if(bitstx != 0) {  //if we have got something to transmit

 

    timertx++; 
    if(timertx >= resettx) {  //if reset value is reached

 

      timertx=0;
      if(spacetx){  //it was a space that has just been sent thus a total "set" (bit + space) so..  
        spacetx = false; //we are not going to send a space now  
        bitstx = bitstx - 1;  //we got 1 less bit to send
        datatx <<= 1;  //shift it so MSB becomes 1st digit
        TCCR2A |= _BV(COM2B1);  //activate pin 3 PWM (ONE)
          if((datatx & TOPBIT)&&(bitstx != 0)) {  
            resettx = 48;
          }
          else if(!(datatx & TOPBIT)&&(bitstx != 0)){
            resettx = 24;
          }
          else{
            TCCR2A &= ~(_BV(COM2B1));  //deactivate pin 3 PWM (end of transmission, no more bits to send)
            TIMSK2 &= ~(_BV(TOIE2));   //deactivate interrupts on overflow
          }
      }
      else {  //we sent the bit, now we have to "send" the space
        spacetx = true;  //we are sending a space
        resettx = 24; //600us/25us = 24
        TCCR2A &= ~(_BV(COM2B1));
      }
    }
  }

}

EDIT:

Just wanted to add a quick explanation on how that ISR function works. Basically in the setup function, i've started a timer (timer2 to be precise) which is basically a value that increments very rapidily, starting from 0 of course. Now, when this value reaches the value of OCR2A (check out the setup function), an overflow occurs and the timing value goes back to zero, and so on until it reaches OCR2A again. Now, by setting TIMSK2 |= _BV(TOIE2) in the SonyIR function i'm basically setting to 1 the TOIE2 bit in the TIMSK2 register, and if you check the manual, this corresponds to activating the ISR (or interrupt service routine) on overflow. This means that when an overflow occurs (aka timing value reaches OCR2A in our case), the ISR function is called. Basically an ISR is a function that occurs every "x" microsecond/millisecond, depending on how you set OCR2A and other stuff (like prescaling factors).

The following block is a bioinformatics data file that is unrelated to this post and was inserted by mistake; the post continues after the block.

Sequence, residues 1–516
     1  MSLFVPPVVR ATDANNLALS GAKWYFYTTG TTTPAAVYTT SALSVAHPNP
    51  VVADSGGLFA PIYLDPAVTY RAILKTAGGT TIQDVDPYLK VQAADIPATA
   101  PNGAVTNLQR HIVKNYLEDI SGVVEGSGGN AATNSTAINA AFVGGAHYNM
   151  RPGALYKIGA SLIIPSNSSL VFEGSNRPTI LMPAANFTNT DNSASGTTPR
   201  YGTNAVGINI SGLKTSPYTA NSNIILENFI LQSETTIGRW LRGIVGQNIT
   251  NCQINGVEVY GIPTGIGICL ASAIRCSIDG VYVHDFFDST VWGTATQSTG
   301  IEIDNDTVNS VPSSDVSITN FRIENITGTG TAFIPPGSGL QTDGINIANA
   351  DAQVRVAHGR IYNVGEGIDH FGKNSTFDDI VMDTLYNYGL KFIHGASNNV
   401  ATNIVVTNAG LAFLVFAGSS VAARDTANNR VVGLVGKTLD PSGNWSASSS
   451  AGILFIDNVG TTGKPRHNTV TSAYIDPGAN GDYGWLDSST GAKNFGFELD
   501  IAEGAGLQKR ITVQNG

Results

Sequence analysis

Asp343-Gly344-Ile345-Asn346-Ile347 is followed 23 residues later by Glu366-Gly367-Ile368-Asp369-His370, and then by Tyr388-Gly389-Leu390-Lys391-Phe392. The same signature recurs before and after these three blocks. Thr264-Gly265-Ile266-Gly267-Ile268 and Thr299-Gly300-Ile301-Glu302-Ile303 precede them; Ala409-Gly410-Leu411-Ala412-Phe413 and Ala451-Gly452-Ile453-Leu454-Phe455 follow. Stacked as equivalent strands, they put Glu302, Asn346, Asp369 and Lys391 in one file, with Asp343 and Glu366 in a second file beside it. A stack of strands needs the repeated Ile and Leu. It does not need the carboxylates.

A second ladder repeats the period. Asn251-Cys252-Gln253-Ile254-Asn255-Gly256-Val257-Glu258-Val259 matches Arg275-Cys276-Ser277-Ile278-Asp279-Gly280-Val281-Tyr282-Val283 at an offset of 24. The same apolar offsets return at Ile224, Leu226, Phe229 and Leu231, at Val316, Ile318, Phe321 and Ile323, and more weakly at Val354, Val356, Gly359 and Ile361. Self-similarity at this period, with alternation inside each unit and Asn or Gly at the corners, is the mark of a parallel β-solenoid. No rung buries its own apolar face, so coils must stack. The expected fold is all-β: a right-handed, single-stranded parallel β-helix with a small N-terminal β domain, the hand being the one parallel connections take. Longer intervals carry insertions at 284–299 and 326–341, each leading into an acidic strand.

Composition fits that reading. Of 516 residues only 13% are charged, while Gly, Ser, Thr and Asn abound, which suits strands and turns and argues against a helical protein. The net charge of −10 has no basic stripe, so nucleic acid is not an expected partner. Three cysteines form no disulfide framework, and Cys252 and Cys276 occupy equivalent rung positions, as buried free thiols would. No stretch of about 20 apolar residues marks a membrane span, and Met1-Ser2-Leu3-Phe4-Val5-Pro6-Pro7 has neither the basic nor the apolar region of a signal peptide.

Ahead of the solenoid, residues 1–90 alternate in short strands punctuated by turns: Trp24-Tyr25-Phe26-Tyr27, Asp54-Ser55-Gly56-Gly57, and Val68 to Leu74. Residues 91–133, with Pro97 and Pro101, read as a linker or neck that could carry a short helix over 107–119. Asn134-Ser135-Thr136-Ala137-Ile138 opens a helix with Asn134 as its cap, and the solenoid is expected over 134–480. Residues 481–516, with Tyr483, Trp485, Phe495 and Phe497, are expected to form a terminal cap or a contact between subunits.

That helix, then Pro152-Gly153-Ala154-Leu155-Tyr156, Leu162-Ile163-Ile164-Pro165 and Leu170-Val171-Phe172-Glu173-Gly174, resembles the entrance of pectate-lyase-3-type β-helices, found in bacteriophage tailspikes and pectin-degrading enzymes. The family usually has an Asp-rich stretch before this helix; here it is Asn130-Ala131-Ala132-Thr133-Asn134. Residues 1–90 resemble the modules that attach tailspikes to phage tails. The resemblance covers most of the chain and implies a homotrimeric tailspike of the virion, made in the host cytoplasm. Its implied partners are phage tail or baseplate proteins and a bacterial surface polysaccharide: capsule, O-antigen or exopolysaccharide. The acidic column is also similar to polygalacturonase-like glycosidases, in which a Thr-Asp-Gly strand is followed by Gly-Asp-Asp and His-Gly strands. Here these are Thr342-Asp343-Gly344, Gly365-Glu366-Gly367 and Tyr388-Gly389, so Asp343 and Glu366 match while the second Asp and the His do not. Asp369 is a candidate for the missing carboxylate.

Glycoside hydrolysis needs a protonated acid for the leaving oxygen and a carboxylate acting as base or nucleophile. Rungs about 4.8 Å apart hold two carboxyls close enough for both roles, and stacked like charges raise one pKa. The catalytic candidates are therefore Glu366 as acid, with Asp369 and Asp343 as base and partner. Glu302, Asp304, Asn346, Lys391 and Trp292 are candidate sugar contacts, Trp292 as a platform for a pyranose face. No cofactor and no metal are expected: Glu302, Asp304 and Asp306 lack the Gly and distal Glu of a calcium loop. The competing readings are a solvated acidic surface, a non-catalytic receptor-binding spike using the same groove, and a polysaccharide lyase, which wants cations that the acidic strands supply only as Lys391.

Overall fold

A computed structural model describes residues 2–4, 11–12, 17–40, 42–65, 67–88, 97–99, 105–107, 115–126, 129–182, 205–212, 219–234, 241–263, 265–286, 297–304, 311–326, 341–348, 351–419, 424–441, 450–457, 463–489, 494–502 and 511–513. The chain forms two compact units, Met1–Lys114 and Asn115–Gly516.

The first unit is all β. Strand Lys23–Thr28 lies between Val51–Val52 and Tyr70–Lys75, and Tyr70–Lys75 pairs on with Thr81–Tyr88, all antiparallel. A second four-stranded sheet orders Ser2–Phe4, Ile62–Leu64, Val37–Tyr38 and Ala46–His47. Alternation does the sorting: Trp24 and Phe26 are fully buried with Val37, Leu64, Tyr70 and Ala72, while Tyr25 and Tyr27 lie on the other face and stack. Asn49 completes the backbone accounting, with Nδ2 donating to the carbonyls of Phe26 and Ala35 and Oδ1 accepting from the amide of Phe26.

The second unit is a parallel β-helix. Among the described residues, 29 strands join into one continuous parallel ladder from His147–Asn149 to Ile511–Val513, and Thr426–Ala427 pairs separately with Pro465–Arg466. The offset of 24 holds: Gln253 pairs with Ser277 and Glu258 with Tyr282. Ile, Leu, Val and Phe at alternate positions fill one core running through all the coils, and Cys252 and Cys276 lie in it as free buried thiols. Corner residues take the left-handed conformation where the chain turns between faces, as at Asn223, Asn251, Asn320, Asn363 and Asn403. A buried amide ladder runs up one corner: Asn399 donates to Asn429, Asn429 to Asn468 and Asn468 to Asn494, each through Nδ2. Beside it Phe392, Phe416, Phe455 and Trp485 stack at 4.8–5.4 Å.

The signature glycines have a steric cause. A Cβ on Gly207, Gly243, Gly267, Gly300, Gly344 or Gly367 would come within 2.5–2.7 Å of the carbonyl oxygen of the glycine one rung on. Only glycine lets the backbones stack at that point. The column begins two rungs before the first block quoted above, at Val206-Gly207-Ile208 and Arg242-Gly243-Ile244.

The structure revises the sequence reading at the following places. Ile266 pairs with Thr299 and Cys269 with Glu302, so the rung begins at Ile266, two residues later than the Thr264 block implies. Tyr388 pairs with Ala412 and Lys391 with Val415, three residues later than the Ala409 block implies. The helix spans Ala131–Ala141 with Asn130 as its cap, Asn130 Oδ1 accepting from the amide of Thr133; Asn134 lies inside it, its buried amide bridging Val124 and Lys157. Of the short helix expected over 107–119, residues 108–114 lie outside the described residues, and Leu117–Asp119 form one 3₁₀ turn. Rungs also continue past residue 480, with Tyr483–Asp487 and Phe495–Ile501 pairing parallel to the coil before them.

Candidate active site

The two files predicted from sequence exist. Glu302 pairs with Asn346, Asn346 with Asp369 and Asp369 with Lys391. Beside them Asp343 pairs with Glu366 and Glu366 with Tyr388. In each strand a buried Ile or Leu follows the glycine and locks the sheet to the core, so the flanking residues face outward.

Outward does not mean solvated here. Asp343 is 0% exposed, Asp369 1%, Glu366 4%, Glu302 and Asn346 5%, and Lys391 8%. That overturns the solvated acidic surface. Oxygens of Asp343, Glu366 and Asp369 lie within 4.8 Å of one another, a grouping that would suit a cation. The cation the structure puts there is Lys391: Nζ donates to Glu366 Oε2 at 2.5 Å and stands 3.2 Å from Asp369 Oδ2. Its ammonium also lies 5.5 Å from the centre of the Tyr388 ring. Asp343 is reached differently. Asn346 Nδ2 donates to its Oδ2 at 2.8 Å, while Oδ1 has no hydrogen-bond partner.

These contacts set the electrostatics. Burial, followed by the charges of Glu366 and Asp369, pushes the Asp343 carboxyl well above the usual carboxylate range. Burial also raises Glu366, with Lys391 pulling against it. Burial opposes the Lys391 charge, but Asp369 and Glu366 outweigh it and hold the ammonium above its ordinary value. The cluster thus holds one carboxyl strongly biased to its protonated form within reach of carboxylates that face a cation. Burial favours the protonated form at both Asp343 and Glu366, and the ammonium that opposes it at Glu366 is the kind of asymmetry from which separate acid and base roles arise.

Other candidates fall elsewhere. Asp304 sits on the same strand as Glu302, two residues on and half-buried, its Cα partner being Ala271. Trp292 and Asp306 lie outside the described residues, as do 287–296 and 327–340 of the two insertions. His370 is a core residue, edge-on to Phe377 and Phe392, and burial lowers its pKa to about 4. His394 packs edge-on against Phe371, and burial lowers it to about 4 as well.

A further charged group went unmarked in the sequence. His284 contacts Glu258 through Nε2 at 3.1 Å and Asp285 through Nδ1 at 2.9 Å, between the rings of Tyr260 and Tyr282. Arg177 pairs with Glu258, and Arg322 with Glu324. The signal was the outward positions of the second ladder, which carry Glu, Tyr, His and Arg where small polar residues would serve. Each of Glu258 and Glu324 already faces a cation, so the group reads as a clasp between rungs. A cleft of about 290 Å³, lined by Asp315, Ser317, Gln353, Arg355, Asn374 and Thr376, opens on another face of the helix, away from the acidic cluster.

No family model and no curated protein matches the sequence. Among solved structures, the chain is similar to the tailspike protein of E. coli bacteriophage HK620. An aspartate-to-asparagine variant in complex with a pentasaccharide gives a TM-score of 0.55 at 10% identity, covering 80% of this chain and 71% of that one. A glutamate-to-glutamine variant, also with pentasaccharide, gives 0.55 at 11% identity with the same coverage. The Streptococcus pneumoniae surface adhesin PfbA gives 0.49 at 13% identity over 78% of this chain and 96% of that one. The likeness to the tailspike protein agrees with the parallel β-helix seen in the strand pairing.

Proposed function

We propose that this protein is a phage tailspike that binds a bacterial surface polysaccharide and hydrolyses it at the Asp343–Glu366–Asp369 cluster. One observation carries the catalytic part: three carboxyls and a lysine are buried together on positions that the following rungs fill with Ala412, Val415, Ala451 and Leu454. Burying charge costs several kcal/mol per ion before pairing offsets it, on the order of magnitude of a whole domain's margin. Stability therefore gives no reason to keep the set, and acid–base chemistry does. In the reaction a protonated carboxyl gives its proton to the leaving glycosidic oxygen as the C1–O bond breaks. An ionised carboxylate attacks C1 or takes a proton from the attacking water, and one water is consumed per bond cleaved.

In the above code, the ISR takes place every 25 microseconds. 

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Small update: Just wanted to tell you guys that i have made the tone command ( not exactly the tone() function, but the result is the same) work with the above code, using the same timer. As before, there are no delays or no data missing when receiving IR and using tones.

I'm a little fuzzy on how this works. I understand that the timers run in the background, but in terms of what you do with the timers when it comes to sending a signal out, I don't quite understand that part or how that could be a background process. Unless you are just sending out a constant repeat signal but even then, you'd need some sort of code to handle the interrupt(which you explain that you are)....am I missing something? I probably am... :)